UDAF does not require a fee to apply for a Section 18 emergency exemption. 

Do I need to include anything with my application?

See “Guide For Requesting Section 18 Emergency Exemptions from Registration”: 

www.ag.utah.gov

General Information required: 

  1. Type of request: Specific Quarantine Public Health Crisis. 
  2. Contact persons (technical and economic). 
  3. Description of pesticide. 
  4. Description of proposed use. 
  5. Alternative methods of control.
  6. Efficacy data – summarize data. 
  7. Residue data – summarize data, must support the proposed time-limited tolerance.
  8. Risk information – summarize risks to human health and the environment, list proposed mitigation measures.
  9. Acknowledgement of registrant. 
  10. Previous use under Section 18 (repeat requests only.) 
  11. Progress towards registration. 

Information required for specific exemption, as appropriate:

  1. Pest(s) to be controlled. 
  2. Events which brought about the emergency conditions.
  3. Risks to T/E species, beneficial organisms, or environment that are mitigated. 
  4. Discussion of economic loss – Tier 1, 2, or 3 as appropriate. 

Applicants for repeat Section 18 requests eligible for re-certification must submit a letter or email to UDAF certifying the following: 

  1. The emergency condition still exists. 
  2. The information is still accurate. 
  3. The conditions of use are identical. 
  4. Any conditions or limitations from previous exemptions are satisfied. 
  5. There are no new alternative control measures that are effective. 

Re-certification requests cannot be submitted as regional requests.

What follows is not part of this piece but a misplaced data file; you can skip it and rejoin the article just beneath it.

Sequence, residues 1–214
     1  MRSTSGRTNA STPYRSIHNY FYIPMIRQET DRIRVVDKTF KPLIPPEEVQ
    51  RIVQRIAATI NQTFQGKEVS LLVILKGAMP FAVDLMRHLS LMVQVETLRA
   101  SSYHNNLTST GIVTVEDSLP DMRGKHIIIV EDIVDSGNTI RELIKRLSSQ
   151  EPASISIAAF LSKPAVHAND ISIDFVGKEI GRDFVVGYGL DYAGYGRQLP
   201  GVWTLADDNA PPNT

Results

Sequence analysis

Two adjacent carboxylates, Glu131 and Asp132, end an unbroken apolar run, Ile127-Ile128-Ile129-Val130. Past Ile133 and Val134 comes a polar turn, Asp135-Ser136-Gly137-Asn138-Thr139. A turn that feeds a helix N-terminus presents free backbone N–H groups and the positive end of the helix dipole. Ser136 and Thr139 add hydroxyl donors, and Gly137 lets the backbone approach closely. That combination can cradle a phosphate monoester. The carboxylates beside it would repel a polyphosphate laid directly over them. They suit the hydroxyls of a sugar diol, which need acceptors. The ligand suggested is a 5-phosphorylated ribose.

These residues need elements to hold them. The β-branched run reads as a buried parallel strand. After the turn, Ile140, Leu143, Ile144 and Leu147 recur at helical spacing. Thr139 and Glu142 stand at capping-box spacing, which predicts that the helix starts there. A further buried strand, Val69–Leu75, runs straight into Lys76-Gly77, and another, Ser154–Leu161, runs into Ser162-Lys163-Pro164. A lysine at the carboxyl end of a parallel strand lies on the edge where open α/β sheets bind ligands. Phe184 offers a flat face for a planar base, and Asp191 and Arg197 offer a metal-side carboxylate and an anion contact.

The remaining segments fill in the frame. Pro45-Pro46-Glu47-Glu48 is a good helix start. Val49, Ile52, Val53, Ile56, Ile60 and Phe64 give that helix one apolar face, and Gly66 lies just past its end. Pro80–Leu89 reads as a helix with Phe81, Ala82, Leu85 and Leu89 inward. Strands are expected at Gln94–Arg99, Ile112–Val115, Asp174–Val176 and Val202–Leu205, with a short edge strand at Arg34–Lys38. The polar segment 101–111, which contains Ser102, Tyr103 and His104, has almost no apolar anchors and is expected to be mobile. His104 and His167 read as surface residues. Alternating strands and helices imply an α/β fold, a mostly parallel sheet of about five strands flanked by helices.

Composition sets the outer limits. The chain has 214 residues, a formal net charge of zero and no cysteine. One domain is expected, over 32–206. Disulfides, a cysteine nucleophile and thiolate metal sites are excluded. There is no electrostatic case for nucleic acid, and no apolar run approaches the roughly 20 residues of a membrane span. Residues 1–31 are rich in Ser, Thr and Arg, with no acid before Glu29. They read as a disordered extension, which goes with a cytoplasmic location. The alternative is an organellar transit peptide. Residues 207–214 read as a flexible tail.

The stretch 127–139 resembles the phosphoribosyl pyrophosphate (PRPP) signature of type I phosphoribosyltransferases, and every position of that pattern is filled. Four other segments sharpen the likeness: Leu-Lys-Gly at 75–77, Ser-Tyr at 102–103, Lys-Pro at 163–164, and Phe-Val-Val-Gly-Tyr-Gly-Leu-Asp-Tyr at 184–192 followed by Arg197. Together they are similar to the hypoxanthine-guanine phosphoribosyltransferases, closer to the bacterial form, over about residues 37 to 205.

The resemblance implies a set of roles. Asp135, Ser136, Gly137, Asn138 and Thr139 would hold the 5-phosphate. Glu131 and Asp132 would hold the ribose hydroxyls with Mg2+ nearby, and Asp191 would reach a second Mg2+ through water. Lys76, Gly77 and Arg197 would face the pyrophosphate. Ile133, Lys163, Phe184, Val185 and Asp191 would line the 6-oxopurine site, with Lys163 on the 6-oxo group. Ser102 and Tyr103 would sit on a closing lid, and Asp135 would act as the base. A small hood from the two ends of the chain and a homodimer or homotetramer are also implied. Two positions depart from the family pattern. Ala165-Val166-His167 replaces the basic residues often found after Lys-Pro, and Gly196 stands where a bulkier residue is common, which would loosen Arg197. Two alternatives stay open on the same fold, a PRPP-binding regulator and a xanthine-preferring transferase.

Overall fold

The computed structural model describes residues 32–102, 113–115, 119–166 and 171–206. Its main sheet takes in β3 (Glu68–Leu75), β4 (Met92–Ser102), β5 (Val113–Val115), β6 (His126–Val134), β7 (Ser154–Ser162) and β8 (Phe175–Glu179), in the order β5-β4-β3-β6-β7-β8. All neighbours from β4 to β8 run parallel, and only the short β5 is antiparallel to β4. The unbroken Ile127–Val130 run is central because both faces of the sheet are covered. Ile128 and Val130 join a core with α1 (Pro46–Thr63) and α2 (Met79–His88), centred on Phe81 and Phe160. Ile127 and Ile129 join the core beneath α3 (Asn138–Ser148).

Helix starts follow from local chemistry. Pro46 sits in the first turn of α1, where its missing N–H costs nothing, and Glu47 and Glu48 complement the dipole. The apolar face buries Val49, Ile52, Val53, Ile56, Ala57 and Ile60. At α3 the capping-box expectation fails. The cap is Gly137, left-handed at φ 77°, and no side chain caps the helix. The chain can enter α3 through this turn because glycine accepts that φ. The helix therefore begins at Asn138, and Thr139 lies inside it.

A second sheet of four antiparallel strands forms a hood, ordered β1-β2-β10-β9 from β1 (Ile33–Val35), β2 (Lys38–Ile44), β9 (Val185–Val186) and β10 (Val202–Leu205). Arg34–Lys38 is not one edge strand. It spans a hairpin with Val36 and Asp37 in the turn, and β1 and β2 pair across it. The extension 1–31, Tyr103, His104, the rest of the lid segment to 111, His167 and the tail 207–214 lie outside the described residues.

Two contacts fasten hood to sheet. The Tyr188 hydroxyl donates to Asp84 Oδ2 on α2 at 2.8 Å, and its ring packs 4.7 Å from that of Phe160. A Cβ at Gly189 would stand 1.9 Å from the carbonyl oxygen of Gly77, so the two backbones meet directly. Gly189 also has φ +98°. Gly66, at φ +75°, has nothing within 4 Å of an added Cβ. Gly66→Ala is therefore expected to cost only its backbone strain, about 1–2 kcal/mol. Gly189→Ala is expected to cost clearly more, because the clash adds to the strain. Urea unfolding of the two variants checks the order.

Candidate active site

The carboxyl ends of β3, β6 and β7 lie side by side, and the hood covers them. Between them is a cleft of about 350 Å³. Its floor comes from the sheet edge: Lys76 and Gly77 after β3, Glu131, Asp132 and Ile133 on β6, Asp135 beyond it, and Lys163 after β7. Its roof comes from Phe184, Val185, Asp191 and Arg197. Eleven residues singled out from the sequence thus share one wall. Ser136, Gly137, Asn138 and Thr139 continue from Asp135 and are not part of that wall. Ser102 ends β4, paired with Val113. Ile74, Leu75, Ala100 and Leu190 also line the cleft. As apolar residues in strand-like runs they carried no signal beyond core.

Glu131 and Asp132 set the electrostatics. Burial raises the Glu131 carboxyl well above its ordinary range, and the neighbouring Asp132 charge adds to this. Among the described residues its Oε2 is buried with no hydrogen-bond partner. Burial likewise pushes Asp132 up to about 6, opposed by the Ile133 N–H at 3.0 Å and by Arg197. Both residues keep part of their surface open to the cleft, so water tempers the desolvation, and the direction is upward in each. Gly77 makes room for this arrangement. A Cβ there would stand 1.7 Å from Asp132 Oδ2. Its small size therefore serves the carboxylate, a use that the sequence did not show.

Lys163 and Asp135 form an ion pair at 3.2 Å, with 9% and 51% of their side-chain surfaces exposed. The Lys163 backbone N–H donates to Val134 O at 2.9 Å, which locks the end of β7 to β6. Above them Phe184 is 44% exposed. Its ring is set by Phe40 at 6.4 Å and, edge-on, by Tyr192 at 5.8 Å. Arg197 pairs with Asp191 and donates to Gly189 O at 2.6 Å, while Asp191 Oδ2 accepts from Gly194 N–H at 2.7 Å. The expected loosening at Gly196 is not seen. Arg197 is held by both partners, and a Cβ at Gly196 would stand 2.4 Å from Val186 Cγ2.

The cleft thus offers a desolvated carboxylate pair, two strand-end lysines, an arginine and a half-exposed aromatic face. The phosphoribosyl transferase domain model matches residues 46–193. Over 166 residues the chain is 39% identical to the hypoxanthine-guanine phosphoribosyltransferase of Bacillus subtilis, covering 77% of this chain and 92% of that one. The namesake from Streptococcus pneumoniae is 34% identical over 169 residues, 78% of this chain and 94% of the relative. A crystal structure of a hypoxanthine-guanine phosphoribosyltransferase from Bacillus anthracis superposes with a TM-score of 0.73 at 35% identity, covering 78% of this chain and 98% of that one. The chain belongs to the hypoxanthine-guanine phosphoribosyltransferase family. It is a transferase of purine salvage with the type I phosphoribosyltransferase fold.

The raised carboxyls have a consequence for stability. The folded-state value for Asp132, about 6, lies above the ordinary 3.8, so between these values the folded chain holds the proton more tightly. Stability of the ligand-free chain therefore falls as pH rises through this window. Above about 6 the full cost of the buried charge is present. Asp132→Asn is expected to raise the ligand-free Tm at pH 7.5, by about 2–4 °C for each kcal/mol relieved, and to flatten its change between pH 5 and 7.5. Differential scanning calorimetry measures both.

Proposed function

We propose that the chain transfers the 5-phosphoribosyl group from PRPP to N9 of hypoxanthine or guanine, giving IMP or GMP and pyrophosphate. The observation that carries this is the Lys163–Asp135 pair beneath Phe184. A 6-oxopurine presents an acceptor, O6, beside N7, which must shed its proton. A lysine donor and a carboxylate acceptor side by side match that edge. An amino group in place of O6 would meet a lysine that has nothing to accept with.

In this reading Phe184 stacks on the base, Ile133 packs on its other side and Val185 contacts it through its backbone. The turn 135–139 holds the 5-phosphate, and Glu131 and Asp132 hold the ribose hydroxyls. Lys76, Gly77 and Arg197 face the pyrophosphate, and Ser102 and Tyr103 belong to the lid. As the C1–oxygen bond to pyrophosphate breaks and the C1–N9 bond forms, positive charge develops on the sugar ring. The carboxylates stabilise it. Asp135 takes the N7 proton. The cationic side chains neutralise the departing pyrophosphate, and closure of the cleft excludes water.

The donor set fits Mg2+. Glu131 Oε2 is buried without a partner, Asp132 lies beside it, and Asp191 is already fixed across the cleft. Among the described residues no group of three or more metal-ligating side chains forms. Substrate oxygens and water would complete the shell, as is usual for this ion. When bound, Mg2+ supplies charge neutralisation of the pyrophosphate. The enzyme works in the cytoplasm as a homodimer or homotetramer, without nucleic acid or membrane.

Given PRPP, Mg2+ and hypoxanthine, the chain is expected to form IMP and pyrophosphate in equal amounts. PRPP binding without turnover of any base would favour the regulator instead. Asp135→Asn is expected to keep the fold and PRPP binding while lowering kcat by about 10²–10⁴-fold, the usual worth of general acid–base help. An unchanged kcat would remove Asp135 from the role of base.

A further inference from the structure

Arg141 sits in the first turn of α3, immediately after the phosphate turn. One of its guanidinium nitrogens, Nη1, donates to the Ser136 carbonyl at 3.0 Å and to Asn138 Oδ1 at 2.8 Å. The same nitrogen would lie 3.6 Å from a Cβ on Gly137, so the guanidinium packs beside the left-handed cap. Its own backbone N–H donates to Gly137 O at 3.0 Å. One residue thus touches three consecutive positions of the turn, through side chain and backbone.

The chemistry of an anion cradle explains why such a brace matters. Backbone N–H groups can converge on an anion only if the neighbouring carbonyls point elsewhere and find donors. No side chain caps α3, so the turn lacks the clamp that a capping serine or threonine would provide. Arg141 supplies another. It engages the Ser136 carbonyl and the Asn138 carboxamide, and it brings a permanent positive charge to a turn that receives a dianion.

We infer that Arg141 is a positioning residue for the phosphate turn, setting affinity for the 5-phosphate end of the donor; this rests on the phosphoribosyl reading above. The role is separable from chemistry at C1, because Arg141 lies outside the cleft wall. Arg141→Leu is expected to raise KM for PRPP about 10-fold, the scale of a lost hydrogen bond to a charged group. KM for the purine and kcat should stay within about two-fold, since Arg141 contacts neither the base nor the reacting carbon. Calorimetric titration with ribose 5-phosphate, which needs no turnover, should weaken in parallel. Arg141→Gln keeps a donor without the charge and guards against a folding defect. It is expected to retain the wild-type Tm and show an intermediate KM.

The following items must be included with Section 18 requests (when applicable):

  1. Letter of support from the registrant – all Section 18 requests. 
  2. Draft Section 18 label (1 copy) – all Section 18 requests. 
  3. Current federal label (1 copy) – all Section 18 requests. 
  4. Letter of support from a USU researcher, extension specialist and/or other unaffiliated expert verifying the emergency condition – new Section 18 requests only. 
  5. Residue data (food or feed uses) – new Section 18 requests only, unless additional studies were conducted. 
  6. Efficacy data – new Section 18 requests only, unless additional studies were conducted. 
  7. Data on risks to human health and the environment – new Section 18 requests only, unless additional studies were conducted. 
  8. Aquatic risk assessment form (except for indoor and seed treatment uses) – new Section 18 requests only. 
  9. Use report - repeat Section 18 requests only. Also, be sure to include any data required by the EPA granting document (if applicable). 

Is the Section 18 label format consistent with EPA and UDAF requirements?

Refer to the Section 18 guidance document 

  1. All applicable requirements and conditions from the request (crop/site, use rate, restrictions, etc.) submitted by UDAF
  2. Any additional requirements and conditions from the EPA granting document (including the EPA file symbol number, first use date and expiration date)